Horse cloning has been around since 2013 and recently Little Topper was born at Timbercreek Veterinary Clinic. The horse was cloned from the original Topper who was a renowned rodeo calf roping horses. Topper pictured was killed by a truck on Highway 287 in Childress at the age of 25.

STS Ranchwear announced Little Topper was recently born, and said he is healthy, happy and just like the former rodeo horse. Toppers Veterinarian asked the owner years before the accident for tissue samples in case they ever wanted to clone him in the future.

From the beginning, cloning has been used as a tool to preserve bloodlines from champion horses in case they died unexpectedly, or from those gelded early in their careers, before their value could be known. But while some want the lineage, they may not attach it to the cloned horse.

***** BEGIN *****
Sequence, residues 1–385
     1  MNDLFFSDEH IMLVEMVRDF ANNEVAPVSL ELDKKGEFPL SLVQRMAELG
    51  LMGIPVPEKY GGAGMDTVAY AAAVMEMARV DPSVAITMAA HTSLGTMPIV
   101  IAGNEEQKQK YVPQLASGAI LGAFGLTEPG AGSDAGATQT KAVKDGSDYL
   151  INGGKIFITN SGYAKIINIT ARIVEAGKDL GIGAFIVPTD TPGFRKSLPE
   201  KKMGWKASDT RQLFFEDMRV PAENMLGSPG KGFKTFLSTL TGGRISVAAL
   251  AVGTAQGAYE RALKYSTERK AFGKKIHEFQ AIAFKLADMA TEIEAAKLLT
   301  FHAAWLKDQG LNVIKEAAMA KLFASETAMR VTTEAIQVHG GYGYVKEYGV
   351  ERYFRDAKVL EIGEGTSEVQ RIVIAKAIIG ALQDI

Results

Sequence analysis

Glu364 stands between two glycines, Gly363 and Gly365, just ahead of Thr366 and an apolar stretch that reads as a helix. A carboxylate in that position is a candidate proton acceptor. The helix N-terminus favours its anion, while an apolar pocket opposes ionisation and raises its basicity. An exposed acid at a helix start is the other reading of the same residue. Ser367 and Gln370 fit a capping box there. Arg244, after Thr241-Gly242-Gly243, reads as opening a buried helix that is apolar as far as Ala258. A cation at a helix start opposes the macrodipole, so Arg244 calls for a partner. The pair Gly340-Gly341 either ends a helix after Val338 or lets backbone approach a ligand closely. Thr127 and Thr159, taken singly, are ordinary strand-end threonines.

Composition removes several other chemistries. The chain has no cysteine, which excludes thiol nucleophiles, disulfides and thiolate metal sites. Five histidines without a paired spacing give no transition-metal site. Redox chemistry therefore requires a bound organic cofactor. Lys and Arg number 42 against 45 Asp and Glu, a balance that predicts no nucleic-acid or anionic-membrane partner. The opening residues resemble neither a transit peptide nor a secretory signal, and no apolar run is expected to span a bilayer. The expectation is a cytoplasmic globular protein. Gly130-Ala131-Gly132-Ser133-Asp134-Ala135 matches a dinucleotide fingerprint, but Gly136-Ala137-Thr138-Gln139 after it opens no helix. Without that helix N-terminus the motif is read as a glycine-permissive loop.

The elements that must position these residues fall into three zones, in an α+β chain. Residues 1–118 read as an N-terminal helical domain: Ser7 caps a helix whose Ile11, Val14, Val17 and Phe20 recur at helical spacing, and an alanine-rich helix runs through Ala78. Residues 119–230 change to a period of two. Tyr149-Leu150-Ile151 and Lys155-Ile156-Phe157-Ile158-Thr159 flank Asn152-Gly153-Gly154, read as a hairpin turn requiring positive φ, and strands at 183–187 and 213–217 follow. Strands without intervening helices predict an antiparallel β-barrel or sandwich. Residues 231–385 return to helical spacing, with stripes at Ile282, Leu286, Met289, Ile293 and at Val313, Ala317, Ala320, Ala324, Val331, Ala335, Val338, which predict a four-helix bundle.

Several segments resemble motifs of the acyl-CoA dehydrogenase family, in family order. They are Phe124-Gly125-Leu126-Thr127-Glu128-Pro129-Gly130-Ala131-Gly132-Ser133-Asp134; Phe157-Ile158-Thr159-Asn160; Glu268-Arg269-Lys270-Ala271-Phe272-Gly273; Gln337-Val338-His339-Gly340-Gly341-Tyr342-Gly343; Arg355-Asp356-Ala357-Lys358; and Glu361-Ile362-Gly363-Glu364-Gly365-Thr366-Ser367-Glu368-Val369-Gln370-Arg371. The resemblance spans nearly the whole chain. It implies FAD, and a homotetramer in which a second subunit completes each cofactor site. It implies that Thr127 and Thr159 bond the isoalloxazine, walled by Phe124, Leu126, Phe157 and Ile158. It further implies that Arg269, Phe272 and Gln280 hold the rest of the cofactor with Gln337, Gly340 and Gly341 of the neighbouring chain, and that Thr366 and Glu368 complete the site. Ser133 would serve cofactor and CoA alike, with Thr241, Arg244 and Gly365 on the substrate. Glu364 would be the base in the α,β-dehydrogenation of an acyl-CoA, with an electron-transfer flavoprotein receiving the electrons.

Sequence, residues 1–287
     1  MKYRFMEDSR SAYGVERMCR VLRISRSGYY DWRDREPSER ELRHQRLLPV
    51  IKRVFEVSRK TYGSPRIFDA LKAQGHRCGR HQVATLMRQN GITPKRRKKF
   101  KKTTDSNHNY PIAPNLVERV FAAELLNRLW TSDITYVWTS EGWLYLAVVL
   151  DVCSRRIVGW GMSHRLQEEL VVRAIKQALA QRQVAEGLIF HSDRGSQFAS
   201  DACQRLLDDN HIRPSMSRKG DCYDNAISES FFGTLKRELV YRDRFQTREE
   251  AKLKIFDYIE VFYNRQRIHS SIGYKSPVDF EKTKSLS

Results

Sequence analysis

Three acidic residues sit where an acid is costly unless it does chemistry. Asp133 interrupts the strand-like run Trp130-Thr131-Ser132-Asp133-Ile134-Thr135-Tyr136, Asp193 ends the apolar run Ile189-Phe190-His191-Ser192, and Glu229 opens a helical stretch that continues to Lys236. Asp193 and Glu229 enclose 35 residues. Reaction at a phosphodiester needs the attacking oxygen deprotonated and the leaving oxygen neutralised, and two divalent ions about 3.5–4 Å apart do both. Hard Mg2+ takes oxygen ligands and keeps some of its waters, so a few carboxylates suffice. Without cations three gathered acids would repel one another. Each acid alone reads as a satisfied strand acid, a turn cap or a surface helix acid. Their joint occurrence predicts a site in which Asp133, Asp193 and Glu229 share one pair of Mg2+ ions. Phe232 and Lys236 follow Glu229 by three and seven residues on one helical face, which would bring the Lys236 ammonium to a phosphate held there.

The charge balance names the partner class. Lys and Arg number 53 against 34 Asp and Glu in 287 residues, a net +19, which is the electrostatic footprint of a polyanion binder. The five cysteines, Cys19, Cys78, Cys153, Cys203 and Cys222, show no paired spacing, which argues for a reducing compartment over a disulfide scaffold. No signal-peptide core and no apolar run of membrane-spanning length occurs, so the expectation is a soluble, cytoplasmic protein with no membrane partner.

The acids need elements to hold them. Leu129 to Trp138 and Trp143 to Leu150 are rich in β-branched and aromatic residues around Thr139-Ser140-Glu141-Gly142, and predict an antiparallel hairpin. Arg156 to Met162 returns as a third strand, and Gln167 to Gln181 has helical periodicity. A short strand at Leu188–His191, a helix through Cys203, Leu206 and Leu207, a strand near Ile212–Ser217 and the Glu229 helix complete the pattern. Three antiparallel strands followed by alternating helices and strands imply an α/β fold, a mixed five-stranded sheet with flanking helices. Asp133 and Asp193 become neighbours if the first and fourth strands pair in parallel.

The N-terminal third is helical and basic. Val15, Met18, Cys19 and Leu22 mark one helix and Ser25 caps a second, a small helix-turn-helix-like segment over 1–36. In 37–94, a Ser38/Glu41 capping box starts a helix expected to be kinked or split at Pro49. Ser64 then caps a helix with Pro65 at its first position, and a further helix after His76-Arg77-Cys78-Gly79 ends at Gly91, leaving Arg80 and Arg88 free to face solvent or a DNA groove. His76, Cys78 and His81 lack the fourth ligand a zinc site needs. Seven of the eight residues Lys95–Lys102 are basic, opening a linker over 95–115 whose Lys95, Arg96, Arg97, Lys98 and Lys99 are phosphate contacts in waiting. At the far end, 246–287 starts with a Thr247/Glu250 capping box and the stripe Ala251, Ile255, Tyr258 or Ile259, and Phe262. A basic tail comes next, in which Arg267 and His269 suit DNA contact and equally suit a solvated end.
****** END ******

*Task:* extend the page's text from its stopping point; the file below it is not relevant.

There is some controversy surrounding cloned horses competing in competitions from many organizations.

While cloning is prohibited by major sport and breeding organizations such as the Jockey Club, the Olympic governing body has allowed the participation of cloned horses in competitions. Assisted breeding methods such as artificial insemination, surrogacy and embryo transfer are already common. Interestingly cloning has become pretty popular in the entertainment industry.

Rapper and Hip Hop artist 2 Chainz had a Bengal cat cloned for $25,000, so if you have the money you can pretty much expect to dish out up to a million dollars for the clone of your choice. For cats and dogs the procedure usually costs from $20,000 to $50,000. The procedure is as follows:

DNA is extracted from the pet to be cloned, generally through a biopsy of tissue. This tissue is cryogenically preserved.

“Surrogate” animals create fertilized eggs.

The DNA is then erased from those eggs, and the pet’s preserved DNA is inserted.

Those altered eggs are then implanted back into surrogate animals, which may or may not get pregnant and carry them to term.